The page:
Official investigations into the murder of the Coptic priest Fr Arsanius Wadid in Alexandria on the evening of 7 April is ongoing.
Fr Arsanius, a priest at the church of the Holy Virgin and Mar-Boulos in Karmouz, Alexandria, was dealt a deadly stab in the neck by a bearded man who carried a knife, as he stood on the pavement of Alexandria’s Corniche in the eastern district of Sidi Bishr. The priest had been with a group of young men and women from his church who were spending a day of leisure and spiritual activity at the beach; they had concluded their day out and were boarding microbuses home.
The culprit was a 60-year-old man whose name has not been made public. He was directly arrested and placed in police custody.
The general prosecution revealed that it had questioned 17 eyewitnesses who included staff and workers on the beach, and members of the group who had been with the priest. It had also inspected the scene of the crime, checked the surveillance cameras in the vicinity, received the after-death report from the forensic medicine authority, and ordered that the defendant be tested for any drugs he might have taken.
The eyewitnesses all confirmed that the priest had been with a group of young people at the beach and that, right before the crime, he was standing on the pavement checking that they all rode the microbuses that would take them back. The surveillance cameras showed the scene, with the defendant approaching as he carried a plastic bag. The witnesses said that he sneaked behind the priest, wielded a knife, and stabbed him in the neck. He tried to stab again but was overpowered by those present, who caught him, seized his knife, and handed him to the police. A number of the witnesses recognised the defendant as the stabber. The after death report revealed the cause of death of Fr Arsanius to be a stab in the neck.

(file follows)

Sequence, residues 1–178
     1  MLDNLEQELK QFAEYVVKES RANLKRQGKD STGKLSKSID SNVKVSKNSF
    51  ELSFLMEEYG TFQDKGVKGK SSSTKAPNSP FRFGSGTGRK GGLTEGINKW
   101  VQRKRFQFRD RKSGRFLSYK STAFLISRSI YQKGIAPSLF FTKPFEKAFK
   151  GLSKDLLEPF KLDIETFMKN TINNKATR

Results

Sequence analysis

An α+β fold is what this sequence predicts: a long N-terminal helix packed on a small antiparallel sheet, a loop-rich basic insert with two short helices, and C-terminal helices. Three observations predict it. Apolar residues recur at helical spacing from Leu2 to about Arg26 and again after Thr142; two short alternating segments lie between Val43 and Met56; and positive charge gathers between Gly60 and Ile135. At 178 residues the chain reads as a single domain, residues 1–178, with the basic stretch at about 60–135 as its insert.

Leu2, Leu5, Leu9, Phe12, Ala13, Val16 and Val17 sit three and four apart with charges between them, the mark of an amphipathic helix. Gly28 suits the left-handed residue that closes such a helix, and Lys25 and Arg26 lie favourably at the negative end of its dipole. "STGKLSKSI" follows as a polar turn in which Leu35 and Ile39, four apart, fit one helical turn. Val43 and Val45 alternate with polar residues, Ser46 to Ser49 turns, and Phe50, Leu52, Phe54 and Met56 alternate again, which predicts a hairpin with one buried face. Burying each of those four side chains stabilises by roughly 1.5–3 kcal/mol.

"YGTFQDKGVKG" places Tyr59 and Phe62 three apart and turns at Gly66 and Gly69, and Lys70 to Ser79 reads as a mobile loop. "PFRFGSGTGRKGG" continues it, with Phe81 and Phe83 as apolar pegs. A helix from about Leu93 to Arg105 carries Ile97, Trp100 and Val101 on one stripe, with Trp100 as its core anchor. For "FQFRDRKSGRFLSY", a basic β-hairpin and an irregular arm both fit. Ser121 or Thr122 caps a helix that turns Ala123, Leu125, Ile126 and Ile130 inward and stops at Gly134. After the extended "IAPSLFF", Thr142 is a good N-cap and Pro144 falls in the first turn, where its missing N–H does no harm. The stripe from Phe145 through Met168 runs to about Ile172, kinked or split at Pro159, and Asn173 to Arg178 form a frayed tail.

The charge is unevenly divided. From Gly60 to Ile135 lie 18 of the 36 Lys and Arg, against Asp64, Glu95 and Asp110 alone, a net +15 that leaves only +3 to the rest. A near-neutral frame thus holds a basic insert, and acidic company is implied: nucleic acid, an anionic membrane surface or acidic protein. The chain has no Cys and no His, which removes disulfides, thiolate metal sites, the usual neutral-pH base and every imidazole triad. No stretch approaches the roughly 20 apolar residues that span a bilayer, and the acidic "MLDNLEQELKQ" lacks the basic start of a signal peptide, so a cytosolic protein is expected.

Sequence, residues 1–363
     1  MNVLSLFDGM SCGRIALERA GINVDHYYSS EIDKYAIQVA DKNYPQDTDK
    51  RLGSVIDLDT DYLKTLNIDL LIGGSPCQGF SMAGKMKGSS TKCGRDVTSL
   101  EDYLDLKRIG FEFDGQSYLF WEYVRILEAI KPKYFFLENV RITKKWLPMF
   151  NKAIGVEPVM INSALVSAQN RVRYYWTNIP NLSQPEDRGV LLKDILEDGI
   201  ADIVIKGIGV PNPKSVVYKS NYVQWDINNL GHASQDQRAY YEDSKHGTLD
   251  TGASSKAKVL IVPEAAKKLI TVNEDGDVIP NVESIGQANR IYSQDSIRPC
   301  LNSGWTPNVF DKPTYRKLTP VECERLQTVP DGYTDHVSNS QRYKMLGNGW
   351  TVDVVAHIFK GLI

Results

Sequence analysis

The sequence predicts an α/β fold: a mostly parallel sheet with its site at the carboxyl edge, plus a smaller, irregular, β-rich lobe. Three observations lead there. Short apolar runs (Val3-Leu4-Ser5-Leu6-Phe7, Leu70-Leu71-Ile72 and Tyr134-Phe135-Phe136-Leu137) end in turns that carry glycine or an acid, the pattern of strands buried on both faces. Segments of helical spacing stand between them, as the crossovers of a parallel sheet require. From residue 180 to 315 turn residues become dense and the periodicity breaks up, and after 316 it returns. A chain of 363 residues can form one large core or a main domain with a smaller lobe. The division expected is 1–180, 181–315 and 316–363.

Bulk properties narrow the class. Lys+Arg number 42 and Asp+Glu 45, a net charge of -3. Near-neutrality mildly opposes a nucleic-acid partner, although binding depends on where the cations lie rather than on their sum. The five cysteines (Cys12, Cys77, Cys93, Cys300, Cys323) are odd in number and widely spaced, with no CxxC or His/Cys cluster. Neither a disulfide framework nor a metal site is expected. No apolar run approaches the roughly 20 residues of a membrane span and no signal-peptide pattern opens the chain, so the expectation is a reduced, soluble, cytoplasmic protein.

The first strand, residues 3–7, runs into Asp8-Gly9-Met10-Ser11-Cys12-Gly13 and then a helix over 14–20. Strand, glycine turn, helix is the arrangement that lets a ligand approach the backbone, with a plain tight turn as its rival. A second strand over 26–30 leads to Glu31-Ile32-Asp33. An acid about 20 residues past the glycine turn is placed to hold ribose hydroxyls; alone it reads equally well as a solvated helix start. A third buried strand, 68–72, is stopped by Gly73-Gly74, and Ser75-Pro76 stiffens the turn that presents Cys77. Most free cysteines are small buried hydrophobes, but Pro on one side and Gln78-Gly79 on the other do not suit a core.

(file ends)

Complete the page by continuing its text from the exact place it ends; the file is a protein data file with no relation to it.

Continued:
The drug test showed that the defendant was free of any traces of drugs.
The prosecution questioned the defendant who at first orally admitted his crime, but later went back and said he had gone to Alexandria a few days earlier in search for work after having gone to several regions without success. He said he slept on the streets, and found the knife in a garbage heap so kept it to use for self defence. He claimed that on the day of the crime he saw the priest, but that he remembered nothing till those around caught him.
The prosecution said that, during the questioning, the defendant listened normally and replied coherently. He was asked about his social life, his university education, and the books he read. However, following his going back on his first acknowledgement of committing the crime, he claimed he had undergone psychological disturbances some ten years ago, which led to hospitalisation, and that he sometimes has no control over his deeds. Upon which the prosecution ordered him to be held in custody pending investigations, and had a court order issued to place him under medical observation in a public mental hospital to assess his mental status, and to determine if he suffered from any illness that might lead him to unwittingly commit the crime he did.
The prosecution is currently carrying investigations that involve questioning the defendant’s family and relatives.
10 April 2022